Feature Story


What Kind of Country Does Taiwan Want To Be?

2020/10/14
The News Lens Feature

Because of its Covid-19 success, Taiwan is on the radar of so many seeking to relocate. Taiwan’s government, too, is interested in drawing more immigrants to the country with programs like the Employment Gold Card. Yet barriers to a fair and just system remain, like low wages and bureaucratic processes. The most glaring of all is the inhumane treatment of migrant workers from Southeast Asia. This series introduces and evaluates recent reforms — and calls attention to the question at the root of immigration debates: What kind of country does Taiwan want to be?

2020 on Hiatus

2020/05/21
The News Lens Feature
Our world has been plagued by things beyond the coronavirus itself: panic, disinformation, racism, unemployment, and loneliness. In a series of essays, we’re going to talk about the social and psychological impact through personal anecdotes and observations. Together, we would imagine the possibilities that await us after the pandemic.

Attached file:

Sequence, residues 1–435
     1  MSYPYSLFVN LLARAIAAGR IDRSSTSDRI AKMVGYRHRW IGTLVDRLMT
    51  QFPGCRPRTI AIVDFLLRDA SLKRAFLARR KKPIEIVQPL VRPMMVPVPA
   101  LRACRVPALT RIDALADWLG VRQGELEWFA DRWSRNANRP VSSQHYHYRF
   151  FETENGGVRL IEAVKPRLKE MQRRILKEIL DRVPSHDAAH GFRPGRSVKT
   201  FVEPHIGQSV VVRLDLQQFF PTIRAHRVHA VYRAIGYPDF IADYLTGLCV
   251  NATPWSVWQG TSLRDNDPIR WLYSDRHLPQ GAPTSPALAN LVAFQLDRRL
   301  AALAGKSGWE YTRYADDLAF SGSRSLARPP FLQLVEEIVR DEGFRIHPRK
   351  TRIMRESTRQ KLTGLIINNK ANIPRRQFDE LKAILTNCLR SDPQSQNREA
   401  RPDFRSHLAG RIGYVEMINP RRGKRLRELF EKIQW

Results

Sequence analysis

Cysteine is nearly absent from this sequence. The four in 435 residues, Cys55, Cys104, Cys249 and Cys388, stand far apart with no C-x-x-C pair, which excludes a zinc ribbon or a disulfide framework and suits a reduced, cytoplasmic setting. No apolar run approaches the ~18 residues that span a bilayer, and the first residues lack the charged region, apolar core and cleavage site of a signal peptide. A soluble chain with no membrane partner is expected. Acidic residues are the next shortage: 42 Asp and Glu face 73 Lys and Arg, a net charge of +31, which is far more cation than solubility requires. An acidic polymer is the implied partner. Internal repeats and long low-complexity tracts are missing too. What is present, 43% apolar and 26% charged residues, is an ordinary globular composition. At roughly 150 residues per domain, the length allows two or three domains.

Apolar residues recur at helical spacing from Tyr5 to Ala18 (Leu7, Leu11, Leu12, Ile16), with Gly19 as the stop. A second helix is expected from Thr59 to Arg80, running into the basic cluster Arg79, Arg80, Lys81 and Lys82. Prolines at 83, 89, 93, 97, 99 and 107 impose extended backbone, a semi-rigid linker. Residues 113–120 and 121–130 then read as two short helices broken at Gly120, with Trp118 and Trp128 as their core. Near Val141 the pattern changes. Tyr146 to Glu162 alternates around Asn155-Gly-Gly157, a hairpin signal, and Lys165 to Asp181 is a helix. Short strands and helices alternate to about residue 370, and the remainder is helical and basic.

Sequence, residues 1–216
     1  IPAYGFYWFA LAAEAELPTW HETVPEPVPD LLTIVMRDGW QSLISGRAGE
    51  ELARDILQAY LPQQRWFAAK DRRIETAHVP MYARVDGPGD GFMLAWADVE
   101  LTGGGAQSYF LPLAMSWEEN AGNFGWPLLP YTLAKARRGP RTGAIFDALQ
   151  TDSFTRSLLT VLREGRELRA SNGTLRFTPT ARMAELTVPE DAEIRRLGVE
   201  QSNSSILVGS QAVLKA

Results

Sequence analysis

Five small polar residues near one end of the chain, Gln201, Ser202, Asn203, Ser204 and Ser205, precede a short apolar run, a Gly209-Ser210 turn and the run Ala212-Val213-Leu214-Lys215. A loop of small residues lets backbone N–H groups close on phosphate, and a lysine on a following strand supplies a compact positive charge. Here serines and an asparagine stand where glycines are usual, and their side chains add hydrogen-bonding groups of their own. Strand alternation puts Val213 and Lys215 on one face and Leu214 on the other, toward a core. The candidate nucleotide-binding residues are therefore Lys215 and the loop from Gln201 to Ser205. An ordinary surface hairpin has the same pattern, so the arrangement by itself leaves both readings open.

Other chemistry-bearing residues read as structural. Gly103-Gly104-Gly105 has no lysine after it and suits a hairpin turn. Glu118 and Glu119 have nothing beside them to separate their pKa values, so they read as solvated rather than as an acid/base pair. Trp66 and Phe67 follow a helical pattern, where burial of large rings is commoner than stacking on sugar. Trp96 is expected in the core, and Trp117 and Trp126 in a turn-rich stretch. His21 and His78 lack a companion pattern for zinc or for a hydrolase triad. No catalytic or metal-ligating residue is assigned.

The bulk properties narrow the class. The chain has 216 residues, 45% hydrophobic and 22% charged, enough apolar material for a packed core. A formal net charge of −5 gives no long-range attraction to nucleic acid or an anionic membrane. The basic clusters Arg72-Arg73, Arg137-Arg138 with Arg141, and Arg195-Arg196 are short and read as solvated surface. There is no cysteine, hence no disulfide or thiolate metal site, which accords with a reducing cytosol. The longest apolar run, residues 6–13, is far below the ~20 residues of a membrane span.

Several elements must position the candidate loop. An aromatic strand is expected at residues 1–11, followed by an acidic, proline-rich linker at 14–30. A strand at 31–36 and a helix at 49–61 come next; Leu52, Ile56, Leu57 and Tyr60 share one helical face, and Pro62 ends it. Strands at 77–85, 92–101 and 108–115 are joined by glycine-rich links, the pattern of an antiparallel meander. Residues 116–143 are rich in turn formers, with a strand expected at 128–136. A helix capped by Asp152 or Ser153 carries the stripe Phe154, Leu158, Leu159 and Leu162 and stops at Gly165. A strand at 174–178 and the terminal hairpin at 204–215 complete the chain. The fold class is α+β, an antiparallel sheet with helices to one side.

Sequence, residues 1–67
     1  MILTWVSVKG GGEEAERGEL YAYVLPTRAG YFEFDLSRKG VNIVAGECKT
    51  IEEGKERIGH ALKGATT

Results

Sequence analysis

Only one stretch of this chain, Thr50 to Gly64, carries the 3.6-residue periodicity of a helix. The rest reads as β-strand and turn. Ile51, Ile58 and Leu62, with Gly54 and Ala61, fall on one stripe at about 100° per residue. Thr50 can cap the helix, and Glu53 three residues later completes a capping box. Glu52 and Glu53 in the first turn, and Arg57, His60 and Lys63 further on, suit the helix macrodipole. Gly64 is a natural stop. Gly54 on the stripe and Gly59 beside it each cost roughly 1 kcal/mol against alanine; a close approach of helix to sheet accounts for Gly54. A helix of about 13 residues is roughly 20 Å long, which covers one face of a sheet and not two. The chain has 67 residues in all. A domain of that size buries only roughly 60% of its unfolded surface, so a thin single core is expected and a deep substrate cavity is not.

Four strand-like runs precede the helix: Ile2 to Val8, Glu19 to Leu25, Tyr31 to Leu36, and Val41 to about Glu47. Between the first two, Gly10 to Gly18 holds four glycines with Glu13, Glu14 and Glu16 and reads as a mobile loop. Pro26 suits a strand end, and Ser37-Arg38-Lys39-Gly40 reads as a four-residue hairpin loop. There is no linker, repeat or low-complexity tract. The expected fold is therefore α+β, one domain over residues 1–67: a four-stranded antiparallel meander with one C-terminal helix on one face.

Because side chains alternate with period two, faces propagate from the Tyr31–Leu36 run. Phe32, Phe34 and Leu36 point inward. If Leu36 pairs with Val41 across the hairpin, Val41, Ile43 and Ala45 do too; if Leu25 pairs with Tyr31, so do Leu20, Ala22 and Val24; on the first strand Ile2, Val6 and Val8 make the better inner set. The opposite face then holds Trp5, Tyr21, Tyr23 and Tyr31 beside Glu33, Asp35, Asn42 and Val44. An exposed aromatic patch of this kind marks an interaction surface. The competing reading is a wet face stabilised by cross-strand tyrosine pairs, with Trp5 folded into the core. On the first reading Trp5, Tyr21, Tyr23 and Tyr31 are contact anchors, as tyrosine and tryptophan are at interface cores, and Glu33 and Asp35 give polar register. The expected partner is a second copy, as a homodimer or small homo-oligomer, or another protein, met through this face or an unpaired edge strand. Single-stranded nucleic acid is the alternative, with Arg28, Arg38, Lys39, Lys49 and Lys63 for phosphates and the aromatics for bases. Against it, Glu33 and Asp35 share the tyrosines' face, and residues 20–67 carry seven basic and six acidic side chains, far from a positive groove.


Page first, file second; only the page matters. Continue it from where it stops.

Innovation didn't seem like Taiwan's strong suit as the tech industry largely remained conservative and stagnant since the 2000s. However, a new breed of entrepreneurs in Taiwan is changing the business landscape with fresh ideas and bold approaches. In our brand new series, we'll bring you stories about Taiwan's new industries and visionaries.

Taiwan 2020: Women Running for Legislature

2020/01/03
The News Lens Feature
Tsai Ing-wen became Taiwan's first female president in 2016 and she's now running for re-election. But female politicians are not a rarity in Taiwan. In 2020, even more women are running in the legislative election in an attempt to bring about reforms and changes for the public. Who are they, and what do they have to say?

Is Taiwan For Sale?

2019/11/25
The News Lens Feature
Whenever a presidential election happens in Taiwan, discussions about whether a certain candidate can sell out the country would often ensue. However, does a Taiwanese president have that much authority to put an entire country up for sale? Is being pro-China the equivalent of betraying Taiwan? What about someone leaning towards the United States and Japan — is that less of a crime?